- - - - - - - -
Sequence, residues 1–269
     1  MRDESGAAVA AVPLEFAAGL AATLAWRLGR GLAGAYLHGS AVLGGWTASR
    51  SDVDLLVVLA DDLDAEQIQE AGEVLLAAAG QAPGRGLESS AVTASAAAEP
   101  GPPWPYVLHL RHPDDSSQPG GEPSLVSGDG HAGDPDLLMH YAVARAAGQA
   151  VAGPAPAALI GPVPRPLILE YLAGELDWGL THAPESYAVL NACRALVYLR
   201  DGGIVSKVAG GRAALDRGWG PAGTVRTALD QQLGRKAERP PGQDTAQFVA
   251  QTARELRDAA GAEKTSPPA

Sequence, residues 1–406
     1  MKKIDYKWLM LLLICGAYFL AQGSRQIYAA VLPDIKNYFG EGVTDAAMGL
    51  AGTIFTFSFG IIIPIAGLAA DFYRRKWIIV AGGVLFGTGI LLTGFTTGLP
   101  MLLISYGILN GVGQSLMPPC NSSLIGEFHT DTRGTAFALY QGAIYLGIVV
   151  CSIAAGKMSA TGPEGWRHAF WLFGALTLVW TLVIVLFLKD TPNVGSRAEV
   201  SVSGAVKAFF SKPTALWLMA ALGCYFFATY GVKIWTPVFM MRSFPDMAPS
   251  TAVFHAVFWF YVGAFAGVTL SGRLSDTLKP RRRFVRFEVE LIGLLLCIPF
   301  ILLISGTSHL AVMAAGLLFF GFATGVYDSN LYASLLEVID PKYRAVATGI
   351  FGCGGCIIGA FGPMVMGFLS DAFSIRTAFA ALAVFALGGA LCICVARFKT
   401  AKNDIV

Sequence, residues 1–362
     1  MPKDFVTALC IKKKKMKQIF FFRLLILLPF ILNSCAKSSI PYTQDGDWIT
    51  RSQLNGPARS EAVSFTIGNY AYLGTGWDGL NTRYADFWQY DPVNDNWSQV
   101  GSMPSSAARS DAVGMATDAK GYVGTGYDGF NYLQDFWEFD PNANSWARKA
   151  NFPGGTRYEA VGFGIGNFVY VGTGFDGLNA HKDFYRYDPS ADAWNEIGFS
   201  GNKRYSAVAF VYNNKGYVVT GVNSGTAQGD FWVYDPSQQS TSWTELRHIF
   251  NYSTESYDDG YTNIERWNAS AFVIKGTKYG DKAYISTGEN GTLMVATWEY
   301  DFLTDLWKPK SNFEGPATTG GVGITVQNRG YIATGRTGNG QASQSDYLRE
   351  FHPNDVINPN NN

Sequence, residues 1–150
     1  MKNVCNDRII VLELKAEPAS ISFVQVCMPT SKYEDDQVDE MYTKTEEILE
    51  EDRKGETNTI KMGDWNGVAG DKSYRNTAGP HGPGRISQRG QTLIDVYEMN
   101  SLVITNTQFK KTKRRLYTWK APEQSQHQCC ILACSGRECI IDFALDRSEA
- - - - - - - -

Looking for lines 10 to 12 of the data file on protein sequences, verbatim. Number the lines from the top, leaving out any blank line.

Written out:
    51  AGTIFTFSFG IIIPIAGLAA DFYRRKWIIV AGGVLFGTGI LLTGFTTGLP
   101  MLLISYGILN GVGQSLMPPC NSSLIGEFHT DTRGTAFALY QGAIYLGIVV
   151  CSIAAGKMSA TGPEGWRHAF WLFGALTLVW TLVIVLFLKD TPNVGSRAEV